The epic of Theseus according to a mysterious maestro

On 05 June 2019, by Caroline Legrand

This painting from the Gustave Eiffel collection tackles the tragic life of Theseus and his son Hippolytus in an astonishing composition.

Maestro dei Cassoni Campana (active in Florence in the early 16th century), scene from the life of Theseus and Hippolytus, inlaid poplar panel, 69 x 161 cm.
Estimate: €150,000/200,000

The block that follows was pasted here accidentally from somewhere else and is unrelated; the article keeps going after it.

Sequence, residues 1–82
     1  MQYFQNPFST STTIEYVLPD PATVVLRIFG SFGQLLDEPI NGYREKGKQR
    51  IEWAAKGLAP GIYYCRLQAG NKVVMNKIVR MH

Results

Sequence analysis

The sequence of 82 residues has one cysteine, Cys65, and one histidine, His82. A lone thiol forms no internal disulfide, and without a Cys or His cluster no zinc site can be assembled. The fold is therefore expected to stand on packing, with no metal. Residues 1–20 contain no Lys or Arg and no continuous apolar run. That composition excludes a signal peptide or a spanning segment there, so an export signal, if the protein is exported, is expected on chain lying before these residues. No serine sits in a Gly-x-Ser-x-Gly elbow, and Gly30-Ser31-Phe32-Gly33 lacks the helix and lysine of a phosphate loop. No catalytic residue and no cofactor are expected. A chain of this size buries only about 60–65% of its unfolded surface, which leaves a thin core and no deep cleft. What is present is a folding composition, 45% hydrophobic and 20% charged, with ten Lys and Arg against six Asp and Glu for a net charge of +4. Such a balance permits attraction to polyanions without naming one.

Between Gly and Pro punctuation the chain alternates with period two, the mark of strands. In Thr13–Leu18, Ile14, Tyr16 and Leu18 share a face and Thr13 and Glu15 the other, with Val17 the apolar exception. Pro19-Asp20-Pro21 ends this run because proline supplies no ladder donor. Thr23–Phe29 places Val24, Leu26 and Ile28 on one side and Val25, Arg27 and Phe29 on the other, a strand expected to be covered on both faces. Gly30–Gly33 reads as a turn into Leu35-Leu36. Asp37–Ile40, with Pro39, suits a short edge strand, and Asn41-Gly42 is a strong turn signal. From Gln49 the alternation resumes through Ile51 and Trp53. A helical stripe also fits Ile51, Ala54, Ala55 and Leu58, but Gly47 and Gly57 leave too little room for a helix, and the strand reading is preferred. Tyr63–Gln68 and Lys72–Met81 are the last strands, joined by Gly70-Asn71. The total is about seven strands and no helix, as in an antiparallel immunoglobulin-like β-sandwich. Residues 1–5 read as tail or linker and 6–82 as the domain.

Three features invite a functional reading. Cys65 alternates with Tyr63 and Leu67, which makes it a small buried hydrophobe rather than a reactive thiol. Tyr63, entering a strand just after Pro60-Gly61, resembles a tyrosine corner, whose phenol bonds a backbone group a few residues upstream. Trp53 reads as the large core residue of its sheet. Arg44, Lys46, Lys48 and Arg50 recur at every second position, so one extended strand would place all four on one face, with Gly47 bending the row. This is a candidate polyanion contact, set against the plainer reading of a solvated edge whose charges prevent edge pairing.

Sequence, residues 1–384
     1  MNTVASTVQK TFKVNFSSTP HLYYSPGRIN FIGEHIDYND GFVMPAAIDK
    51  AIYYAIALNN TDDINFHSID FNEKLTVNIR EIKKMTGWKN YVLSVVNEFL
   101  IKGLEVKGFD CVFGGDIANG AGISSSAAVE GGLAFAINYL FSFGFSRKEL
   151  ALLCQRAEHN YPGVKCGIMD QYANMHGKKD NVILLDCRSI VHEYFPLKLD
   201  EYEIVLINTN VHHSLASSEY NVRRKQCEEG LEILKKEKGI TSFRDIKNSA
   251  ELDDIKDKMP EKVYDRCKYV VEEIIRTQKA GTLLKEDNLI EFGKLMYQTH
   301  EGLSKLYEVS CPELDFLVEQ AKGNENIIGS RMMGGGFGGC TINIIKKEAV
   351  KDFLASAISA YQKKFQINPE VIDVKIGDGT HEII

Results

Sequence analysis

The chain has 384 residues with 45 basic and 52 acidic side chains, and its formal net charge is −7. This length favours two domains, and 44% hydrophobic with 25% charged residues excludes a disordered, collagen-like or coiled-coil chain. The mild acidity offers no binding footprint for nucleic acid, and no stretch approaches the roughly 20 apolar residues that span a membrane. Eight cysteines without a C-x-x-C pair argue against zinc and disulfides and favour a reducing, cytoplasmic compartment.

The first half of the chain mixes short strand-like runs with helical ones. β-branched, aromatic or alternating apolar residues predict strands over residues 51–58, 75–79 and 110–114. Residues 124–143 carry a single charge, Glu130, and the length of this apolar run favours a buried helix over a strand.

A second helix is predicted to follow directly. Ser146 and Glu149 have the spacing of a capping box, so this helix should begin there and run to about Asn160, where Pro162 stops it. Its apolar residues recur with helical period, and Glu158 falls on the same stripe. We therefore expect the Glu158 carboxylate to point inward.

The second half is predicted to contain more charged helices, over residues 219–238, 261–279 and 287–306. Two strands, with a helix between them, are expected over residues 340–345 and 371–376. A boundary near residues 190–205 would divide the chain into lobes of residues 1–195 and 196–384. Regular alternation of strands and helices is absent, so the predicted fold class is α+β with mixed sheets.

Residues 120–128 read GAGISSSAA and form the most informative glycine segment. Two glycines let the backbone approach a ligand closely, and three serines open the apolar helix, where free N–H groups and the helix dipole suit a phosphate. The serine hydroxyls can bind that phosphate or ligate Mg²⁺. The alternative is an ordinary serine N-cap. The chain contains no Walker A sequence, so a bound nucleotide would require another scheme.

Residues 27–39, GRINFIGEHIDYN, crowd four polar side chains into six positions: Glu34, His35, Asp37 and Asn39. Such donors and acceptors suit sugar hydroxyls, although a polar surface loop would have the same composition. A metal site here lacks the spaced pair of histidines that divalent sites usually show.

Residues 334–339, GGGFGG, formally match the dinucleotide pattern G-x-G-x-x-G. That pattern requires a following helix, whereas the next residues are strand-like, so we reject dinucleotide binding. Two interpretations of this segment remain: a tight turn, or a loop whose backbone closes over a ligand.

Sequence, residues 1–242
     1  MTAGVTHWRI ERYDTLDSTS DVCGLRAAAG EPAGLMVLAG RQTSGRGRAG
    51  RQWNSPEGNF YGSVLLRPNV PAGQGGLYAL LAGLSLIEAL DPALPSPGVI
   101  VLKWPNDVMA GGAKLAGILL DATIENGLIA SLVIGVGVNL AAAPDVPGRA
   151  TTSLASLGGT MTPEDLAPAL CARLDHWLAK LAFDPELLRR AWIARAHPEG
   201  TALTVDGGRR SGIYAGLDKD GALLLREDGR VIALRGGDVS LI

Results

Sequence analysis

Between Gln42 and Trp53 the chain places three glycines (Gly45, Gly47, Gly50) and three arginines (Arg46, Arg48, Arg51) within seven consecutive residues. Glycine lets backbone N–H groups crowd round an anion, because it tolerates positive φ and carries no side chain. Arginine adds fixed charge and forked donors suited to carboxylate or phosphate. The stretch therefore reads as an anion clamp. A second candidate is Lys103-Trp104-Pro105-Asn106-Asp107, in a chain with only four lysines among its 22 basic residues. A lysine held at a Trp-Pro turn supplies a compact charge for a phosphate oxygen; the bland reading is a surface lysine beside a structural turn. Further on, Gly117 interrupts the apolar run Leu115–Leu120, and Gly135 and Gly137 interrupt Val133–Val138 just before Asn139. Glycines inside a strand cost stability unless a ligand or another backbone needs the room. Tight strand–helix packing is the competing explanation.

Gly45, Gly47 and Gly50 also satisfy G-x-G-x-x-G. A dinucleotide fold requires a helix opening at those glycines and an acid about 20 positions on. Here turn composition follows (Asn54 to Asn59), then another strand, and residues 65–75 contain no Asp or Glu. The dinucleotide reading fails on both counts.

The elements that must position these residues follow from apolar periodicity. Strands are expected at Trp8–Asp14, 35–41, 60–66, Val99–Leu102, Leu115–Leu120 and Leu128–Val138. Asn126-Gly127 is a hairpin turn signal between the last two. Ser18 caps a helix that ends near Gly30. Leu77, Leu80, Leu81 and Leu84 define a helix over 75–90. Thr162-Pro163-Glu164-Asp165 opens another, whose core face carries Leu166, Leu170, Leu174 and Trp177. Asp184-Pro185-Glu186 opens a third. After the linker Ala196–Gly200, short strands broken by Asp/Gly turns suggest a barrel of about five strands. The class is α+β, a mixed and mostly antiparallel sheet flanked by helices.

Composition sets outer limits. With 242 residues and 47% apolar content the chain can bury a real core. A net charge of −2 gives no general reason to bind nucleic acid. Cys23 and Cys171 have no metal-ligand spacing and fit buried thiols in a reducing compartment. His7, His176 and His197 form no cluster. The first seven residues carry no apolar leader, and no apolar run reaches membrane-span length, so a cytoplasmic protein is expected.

The panel belongs to a series, broken up in the years 1830-1840, that undoubtedly comprised six works, five of which are now known. In addition to this one, four are in the Petit Palais d'Avignon museum and come from the collections of the Marquis Giampietro Campana, sold from 1857 onwards following his conviction for embezzlement, a significant part of which Napoleon III purchased in 1861. These primitive paintings feature scenes from the "Cretan legend": The Loves of Pasiphae, The Taking of Athens by Minos, Theseus and the Minotaur and Ariadne Abandoned on Naxos. Ours is an impressive panorama telling the story of Theseus based on the writings of Apollodorus of Athens or Ovid but with a typically medieval reinterpretation merging Christianity and ancient mythology. The scene takes place well after Ariadne is abandoned on Naxos. Theseus is now king of Athens. In the background on the left, Phaedra, kneeling to his left, accuses her stepson Hippolytus of trying to rape her. Her husband believes her rather than his son and exiles him. Hippolytus is seen restrained by soldiers in the centre of the painting before leaving the city on his horse on the right. This space-time comic strip ends surprisingly, to say the least, since the painter chose to depict the death of Hippolytus by mixing the mythological character’s story with that of the eponymous Christian saint, the martyred tribune who was quartered in the third century. Assumptions as to the purpose of these works vary. Previously considered panels of cassoni—wedding chests intended for nuptial bedchambers—they are now, given their dimensions ranging from 155 to 183 cm in length, thought to be spalliere, panels inserted in woodwork decorating the spouses' room. Their maker’s identity remains unknown. Called the "Master of the Cassoni of Campana", he may have been either a French painter active in Florence in the early 16th century, or Antonio di Jacopo, known as Antonio Gallo, who came to Tuscany with Benedetto Ghirlandaio around 1505.

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